Forex Strength Trading – Unique Tools for a Unique Approach
If you’re a trader, I’m sure you’re familiar with fundamental trading, technical trading, trend trading, candlestick trading, swing trading and all the other varieties of trading styles that riddle the markets these days. Each one professes to be “the way,” but in reality, none of them really are.
The only constant I’ve found in trading any of the markets I trade, especially forex, is that strength is the only factor that drives prices especially in the short term. And since I am a short term trader, this is the only time frame I’m interested in. Strength is a direct indicator of supply vs. demand, and is therefore more of a fundamental indicator than a technical indicator.
However, for some bewildering reason, short term traders have chosen technical analysis as their method of choice. You’ve probably noticed that every charting website or charting software package includes a long list of technical indicators free of charge. I believe that the reason they’re free is because you get what you pay for. These indicators are really good for nothing other than predicting the past.
So, what is strength and how do you determine what’s strong and what’s weak in the forex market at any given time? You may think that the Relative Strength Index (RSI) is a technical indicator that reflects strength. It’s really not though.
By definition, the RSI is an indicator that tells us if a currency pair is overbought or oversold. However, just because a currency pair is oversold doesn’t mean that the price of that pair is going to move up in the near future. Conversely, just because a currency pair is overbought does not mean its price will move downward in the near future.
The price of the currency pair may behave in this manner, but there is no fundamental reason for this to occur and is therefore not a dependable tool to use in making sound, profitable trading decisions. The reason that the price of a currency pair will move (in every instance) is when there is an imbalance in strength between the 2 individual currencies in the pair.
For instance, if the EUR and the USD are both strong with respect to all the other currencies they trade in pairs with, but there is no imbalance of strength between the EUR and the USD, the price of the EUR/USD pair will not tend to move regardless of the RSI reading at the time, and regardless of how overbought or oversold the pair may be.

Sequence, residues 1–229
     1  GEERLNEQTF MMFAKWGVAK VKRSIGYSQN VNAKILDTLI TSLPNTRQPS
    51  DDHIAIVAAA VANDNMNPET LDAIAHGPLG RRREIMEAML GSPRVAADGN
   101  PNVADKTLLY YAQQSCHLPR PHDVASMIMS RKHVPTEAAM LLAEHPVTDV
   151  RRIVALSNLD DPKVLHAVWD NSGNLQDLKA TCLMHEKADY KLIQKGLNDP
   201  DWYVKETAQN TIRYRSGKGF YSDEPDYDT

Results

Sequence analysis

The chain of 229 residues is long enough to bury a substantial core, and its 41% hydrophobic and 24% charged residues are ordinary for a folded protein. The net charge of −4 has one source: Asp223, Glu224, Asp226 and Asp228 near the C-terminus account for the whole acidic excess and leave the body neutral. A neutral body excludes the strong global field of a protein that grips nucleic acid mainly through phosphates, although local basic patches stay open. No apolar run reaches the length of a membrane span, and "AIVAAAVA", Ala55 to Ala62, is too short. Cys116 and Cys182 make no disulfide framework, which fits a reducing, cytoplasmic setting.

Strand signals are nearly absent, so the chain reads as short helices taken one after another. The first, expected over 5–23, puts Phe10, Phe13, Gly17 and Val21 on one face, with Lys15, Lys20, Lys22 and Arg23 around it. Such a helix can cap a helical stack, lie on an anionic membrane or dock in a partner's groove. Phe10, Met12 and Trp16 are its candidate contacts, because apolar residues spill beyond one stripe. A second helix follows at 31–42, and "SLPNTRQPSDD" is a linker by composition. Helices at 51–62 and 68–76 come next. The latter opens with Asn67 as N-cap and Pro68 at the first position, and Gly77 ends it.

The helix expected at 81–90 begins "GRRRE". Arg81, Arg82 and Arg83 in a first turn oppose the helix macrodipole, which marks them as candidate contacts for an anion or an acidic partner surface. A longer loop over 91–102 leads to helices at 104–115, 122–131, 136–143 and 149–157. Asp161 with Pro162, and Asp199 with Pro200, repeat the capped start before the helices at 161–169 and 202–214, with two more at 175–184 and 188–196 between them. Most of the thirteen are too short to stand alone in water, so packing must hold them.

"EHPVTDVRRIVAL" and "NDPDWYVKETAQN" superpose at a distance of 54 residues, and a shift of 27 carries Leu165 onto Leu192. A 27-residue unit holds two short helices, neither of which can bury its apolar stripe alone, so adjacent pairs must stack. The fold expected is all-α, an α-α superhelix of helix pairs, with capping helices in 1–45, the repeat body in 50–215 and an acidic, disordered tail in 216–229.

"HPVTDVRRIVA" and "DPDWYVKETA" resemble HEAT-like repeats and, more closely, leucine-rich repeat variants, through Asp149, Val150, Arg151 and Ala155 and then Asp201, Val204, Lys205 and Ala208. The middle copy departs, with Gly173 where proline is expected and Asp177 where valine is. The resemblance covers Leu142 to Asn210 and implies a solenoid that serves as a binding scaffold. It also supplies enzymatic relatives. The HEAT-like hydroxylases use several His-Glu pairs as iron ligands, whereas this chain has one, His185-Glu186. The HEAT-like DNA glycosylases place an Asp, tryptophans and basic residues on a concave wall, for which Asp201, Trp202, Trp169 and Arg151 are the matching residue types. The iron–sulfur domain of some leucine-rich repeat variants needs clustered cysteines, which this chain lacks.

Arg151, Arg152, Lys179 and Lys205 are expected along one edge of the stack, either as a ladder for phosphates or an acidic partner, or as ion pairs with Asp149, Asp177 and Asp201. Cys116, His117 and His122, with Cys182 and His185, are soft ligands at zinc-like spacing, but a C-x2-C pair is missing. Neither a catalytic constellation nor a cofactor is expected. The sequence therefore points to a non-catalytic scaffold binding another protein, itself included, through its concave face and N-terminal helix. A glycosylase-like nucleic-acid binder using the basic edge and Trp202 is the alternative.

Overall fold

So, essentially, the most important piece of information needed to successfully trade a currency pair is how strong each individual currency is compared to the other currencies it trades in pairs with. This information will allow us to match a strong currency with a weak currency, and thus select the best currency pair to trade at the time we are trading. There is no free conventional technical indicator I know of that delivers this information.
There is, however, a very unique tool that does deliver this information clearly, on one screen, and in real time. It’s a currency meter that utilizes a real-time data feed to measure the buying and selling activity of each major currency tick-by-tick. A calculation is made using this input and the strength of each currency is displayed graphically on a chart where higher values on the vertical axis indicate strong buying activity for an individual currency, and lower values on the axis indicate strong selling activity.
At one glance, it is easy to match a strong currency with a weak currency using this tool. By looking for a trade in the currency pair identified by this method, you now have an extremely high probability of capturing a near term, predictable price move for a profitable trade. Another benefit of using this tool is that the real-time data feed that it requires is free.
Since I started using this currency meter and making trades based on the imbalance of strength between 2 currencies, both my winning percentage and trading profits have skyrocketed. Trading without this tool is like driving blindfolded and I can no longer trade confidently without it.
If you’d like more information about this unique tool that will enable you to use this approach to trading the forex market, please visit my website to see it in action and to see the results of my trading as well as some sample trades I've made using this tool and this method.
Moving Average Envelopes are percentage-based envelopes set above and below a moving average. The moving average, which forms the base for this indicator, can be a simple or exponential moving average. Each envelope is then set the same percentage above or below the moving average. This creates parallel bands that follow price action. With a moving average as the base, Moving Average Envelopes can be used as a trend following indicator. Beyond simply trend-following, though, the envelopes can also be used to identify overbought and oversold levels when the trend is relatively flat.Moving Average Envelopes Conclusions and forex signalsMoving Average Envelopes are mostly used as a trend following indicator, but can also be used to identify overbought and oversold conditions. After a consolidation period, a strong envelope break can forex signal the start of an extended trend. Once an uptrend is identified, chartists can turn to momentum indicators and other techniques to identify oversold readers and pullbacks within that trend. Overbought conditions and bounces can be used as selling forex trading signals opportunities within a bigger downtrend. In the absence of a strong trend, the Moving Average Envelopes can be used like the Percent Price Oscillator. Moves above the upper envelope signal overbought readings, while moves below the lower envelope signal oversold readings. It is also important to incorporate other aspects of technical analysis to confirm the overbought and oversold reading. Resistance and bearish reversal patterns can be used to corroborate overbought readings. Support and bullish reversal patterns can be used to affirm oversold conditions and buy forex trading signals.